The Brooklyn Cocktail is a second-string, but by no means second-rate, pre-Prohibition classic and was largely forgotten until the recent cocktail renaissance. Now it is frequently found on drinks lists worldwide, both in its original form—first published in 1908 in Jack’s Manual by Jacob A. Grohusko—and in a host of other creative variations.
THE AUTHOR & THE DRINK
Jacob A. “Jack” Grohusko (1876-1943) was born in England to a Russian Jewish family and brought to New York as an infant. He worked in hotel bars in New York until around 1900, when he found a long-term gig at Baracca’s restaurant, on Stone Street in Lower Manhattan. Under his direction, Baracca’s bar was a popular one. In 1908, Grohusko published the first edition of his Jack’s Manual (there would be four more, from 1910 to 1933). In 1910, he opened his own place, also on Stone Street (the space is now occupied by Ulysses, one of New York’s best Irish bars).
We don’t know if Grohusko’s Brooklyn Cocktail, one of many drinks over the years to bear that name, was his own creation. He lived in Hoboken, New Jersey, not Brooklyn. Victor Baracca, however, the proprietor of the restaurant, lived in Brooklyn, so it’s at possible that he asked Grohusko to come up with something to match the venerable Manhattan and the newly-popular Bronx.
Grohusko’s version of the Brooklyn, with some tweaking, would outlast all the other similarly-named cocktails, largely though its inclusion in the canonical Savoy Cocktail Book of 1930.
THE ORIGINAL RECIPE
1 dash Amer. Picon bitters1 dash Maraschino50% rye whiskey50% Ballor Vermouth
Fill glass with ice.Stir and strain. Serve.
NOTES ON INGREDIENTS
Amer Picon, a French aperitif bitter, is not available in the U.S., and even if it were, it has been reformulated and lowered drastically in proof from what it was in 1908. Fortunately, in the small quantities called for here it is easy to substitute. The leading, but not dominant, note in Amer Picon is bitter orange, so any Italian amaro heavy on that, such as CioCiaro, will work well. (You can even, if necessary, use a less-orangey, but more available, amaro such as Montenegro, with a dash of orange bitters to boost the orange quotient.) Even better, I find, is the French Bigallet China-China Amer, a French digestif with a strong orange note. I generally use half a teaspoon, and the same amount for the maraschino liqueur.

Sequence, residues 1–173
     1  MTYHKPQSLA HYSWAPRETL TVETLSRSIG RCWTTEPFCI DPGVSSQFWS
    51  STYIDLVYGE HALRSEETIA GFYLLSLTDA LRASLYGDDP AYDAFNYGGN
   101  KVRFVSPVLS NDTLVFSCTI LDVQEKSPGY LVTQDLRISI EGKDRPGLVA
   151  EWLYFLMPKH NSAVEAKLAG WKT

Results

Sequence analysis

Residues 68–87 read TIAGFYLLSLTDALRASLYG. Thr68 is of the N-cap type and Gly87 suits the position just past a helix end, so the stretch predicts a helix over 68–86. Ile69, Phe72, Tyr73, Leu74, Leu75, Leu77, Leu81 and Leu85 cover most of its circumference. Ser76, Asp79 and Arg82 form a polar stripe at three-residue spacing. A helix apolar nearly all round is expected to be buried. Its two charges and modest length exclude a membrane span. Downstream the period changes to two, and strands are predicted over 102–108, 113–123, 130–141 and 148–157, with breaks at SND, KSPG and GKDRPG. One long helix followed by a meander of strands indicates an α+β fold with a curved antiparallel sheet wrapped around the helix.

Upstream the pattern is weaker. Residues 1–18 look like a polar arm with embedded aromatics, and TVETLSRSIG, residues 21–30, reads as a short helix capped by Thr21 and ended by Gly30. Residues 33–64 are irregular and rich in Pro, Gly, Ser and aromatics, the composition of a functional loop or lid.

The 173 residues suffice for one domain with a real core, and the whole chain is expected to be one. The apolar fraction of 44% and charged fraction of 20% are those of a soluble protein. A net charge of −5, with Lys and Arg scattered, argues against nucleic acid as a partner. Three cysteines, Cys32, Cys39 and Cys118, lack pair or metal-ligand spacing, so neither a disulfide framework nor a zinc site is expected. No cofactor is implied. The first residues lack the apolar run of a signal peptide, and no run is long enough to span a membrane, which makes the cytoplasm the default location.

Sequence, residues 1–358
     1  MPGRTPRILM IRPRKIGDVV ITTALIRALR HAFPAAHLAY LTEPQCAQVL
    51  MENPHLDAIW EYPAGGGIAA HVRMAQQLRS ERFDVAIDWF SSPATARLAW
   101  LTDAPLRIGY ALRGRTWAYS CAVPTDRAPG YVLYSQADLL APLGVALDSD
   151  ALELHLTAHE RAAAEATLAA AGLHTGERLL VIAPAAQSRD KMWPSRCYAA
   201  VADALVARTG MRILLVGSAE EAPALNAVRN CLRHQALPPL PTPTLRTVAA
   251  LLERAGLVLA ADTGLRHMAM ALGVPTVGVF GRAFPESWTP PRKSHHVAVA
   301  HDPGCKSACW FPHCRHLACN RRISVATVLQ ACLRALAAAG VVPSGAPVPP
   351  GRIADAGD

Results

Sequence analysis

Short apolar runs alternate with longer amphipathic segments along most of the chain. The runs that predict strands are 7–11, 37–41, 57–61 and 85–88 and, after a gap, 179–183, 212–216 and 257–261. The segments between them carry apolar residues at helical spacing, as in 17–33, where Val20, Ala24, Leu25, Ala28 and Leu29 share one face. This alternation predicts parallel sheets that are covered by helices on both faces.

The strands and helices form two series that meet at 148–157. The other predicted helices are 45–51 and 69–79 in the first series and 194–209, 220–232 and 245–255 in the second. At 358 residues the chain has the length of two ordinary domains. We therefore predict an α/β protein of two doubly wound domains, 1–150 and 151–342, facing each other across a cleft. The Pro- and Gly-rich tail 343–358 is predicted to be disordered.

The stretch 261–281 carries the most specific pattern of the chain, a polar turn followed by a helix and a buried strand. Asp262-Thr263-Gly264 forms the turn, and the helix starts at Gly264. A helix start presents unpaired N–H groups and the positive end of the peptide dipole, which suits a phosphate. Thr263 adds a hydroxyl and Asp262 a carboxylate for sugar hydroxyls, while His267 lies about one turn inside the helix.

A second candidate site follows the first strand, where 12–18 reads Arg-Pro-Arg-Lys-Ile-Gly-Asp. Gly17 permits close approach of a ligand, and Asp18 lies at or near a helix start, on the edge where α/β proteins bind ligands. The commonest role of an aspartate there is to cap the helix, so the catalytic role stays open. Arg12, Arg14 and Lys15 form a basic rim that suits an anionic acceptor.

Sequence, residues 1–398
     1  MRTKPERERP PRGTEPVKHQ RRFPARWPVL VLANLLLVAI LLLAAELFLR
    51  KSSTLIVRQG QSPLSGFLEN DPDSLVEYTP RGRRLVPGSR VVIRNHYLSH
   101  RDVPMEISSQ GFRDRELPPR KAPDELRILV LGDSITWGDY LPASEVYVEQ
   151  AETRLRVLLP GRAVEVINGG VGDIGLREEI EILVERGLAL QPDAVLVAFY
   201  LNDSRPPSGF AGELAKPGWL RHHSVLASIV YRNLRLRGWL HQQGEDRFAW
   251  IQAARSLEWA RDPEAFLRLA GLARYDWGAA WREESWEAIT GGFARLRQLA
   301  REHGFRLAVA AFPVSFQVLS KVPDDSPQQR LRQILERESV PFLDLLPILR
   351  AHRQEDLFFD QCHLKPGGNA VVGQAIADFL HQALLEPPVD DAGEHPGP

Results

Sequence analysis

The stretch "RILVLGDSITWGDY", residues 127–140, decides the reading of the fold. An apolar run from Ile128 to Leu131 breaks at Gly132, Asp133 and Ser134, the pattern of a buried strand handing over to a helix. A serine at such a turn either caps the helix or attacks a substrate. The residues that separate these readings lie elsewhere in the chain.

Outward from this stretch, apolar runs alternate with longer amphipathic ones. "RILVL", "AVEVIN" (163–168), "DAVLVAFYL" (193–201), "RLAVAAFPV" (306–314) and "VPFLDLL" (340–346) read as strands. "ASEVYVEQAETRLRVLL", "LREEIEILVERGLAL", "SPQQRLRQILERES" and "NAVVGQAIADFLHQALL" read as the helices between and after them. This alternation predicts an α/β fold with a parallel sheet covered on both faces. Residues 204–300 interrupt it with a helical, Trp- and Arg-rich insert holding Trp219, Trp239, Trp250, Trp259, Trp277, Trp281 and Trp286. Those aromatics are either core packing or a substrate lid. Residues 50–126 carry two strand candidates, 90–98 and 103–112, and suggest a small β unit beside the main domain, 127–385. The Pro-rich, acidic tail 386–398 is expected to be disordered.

For the rye whiskey, something bonded is in order. Rittenhouse is my go-to, but Wild Turkey Rye also works well. You don’t want anything less than 90-proof, since it has to stand up to a pretty strong cargo of vermouth. Grohusko would have used an ounce, but I prefer an ounce and a half.
As for that vermouth. Ballor, Grohusko’s preferred brand (its importer was around the corner from Baracca’s), was a classic Italian vermouth di Torino, dark and sweet. I like the Cocchi Vermouth di Torino here, but Martini & Rossi will also work fine if that’s what you’ve got. I would not use Carpano Antica, since its vanilla note tends to drive out all else before it.
Note that when Grohusko’s recipe was reprinted in Jacques Straub’s 1914 vest-pocket bartender’s compendium, Drinks, Straub inexplicably changed the Italian vermouth to a dry French vermouth (perhaps he didn’t know where Ballor was from). That’s the version taken up by the Savoy book, and it is, to my palate, distinctly inferior: thin and awkward. This is, however, the version most often encountered.
NOTES ON EXECUTION
Like the man says. Stir well with plenty of cracked ice and strain it into a chilled cocktail glass or coupe. I like a lemon twist with this.
The Annotated Cocktail presents a recipe for a classic drink exactly as it appeared for the first time in print and walks you through how to make it today so that it will be both historically accurate and delicious.